The report released by the National Cancer Institute (NCI) revealed that smoking prevention campaigns sponsored by the tobacco industry are generally ineffective and may even increase youth smoking.
"There is now incontrovertible evidence that marketing of tobacco, and the depiction of smoking in the movies, promote youth smoking and can cause young people to begin smoking," said University of Minnesota professor Barbara Loken and one of the report's five scientific editors.
The report concluded tobacco advertising targets psychological needs of adolescents, such as popularity and peer acceptance. Advertising creates the perception that smoking satisfies these needs.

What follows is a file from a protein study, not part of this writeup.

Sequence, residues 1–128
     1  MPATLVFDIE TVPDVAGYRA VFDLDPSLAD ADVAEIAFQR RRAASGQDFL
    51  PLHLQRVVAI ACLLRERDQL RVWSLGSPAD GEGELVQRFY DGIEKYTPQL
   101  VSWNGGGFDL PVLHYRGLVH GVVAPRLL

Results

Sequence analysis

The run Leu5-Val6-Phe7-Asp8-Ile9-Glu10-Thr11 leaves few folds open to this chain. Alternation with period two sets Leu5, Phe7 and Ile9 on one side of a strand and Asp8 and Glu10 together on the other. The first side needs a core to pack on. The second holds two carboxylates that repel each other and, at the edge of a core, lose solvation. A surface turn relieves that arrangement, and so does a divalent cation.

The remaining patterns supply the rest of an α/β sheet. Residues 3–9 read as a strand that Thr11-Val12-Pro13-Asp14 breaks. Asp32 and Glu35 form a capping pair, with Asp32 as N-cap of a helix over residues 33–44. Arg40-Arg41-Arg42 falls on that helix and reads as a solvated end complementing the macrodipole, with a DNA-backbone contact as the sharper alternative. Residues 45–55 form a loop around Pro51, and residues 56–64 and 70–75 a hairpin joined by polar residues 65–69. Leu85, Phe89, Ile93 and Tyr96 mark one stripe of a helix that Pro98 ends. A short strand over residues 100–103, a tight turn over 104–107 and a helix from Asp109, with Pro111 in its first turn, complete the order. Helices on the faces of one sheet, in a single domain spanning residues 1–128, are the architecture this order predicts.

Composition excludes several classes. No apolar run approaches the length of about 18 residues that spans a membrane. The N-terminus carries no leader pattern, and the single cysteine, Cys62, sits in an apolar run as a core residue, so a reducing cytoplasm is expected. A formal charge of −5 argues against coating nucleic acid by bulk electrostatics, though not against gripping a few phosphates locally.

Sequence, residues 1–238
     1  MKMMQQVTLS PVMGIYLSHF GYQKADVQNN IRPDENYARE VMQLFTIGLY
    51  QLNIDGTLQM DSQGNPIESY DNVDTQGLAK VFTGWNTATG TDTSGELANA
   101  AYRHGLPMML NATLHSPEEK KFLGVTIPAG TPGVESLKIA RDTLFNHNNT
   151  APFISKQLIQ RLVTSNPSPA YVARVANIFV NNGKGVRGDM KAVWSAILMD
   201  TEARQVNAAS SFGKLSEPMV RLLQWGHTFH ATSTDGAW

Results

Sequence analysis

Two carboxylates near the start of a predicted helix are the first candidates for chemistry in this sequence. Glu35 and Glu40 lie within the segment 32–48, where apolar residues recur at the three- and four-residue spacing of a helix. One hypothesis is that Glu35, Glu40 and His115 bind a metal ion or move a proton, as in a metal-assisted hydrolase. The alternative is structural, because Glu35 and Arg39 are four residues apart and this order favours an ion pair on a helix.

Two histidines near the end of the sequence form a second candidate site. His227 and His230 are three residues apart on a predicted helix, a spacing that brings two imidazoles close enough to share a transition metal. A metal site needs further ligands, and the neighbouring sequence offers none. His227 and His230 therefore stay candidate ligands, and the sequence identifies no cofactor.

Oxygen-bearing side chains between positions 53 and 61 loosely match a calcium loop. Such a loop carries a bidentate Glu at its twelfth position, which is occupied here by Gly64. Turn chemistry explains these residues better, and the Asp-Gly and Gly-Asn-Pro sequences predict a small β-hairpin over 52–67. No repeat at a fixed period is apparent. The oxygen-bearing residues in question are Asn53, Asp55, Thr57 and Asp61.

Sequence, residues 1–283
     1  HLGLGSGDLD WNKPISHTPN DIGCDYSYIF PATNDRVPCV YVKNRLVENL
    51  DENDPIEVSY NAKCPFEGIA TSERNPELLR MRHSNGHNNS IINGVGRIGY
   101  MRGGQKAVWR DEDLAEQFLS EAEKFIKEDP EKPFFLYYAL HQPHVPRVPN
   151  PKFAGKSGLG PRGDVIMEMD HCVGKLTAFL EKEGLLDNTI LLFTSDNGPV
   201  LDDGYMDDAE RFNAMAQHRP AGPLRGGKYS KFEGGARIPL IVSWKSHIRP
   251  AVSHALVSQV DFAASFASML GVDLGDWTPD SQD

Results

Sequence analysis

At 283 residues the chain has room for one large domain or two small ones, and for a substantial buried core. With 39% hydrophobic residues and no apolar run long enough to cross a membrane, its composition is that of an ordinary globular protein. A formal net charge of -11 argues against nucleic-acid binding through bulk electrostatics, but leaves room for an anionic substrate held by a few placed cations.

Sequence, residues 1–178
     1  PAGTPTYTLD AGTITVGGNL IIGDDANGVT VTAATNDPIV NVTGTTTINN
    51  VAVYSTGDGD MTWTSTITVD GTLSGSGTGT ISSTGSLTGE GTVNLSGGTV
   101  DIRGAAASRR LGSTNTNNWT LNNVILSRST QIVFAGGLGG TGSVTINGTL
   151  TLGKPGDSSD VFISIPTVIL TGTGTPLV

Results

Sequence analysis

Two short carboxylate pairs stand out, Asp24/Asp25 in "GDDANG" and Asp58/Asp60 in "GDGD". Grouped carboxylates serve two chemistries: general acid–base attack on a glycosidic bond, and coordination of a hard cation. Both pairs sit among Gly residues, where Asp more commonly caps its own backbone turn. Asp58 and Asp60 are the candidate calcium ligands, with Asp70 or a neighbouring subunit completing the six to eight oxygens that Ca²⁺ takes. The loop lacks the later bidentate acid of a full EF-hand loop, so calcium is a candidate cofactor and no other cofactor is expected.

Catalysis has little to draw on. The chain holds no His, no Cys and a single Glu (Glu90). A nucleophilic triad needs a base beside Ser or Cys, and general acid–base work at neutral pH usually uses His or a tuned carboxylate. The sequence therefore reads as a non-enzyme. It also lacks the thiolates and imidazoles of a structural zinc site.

Moreover, brief exposure to tobacco advertising influences adolescents' perceptions about smoking, smokers, and adolescents' intentions to smoke.
The report also said that depiction of cigarette smoking is pervasive in movies, within 75 percent or more of contemporary box-office hits, with identifiable brands in about one-third of movies.
It suggested that a comprehensive ban on tobacco advertising and promotion is an effective policy intervention that prevents tobacco companies from shifting marketing expenditures to permitted media.
"This direct link between marketing and tobacco use is very powerful." Loken said.
"Anti-tobacco ads before films and a comprehensive ban on tobacco advertising are two effective strategies found to curb effects of tobacco images on youth. Now we need to use marketing to steer youth and others away from tobacco," she added.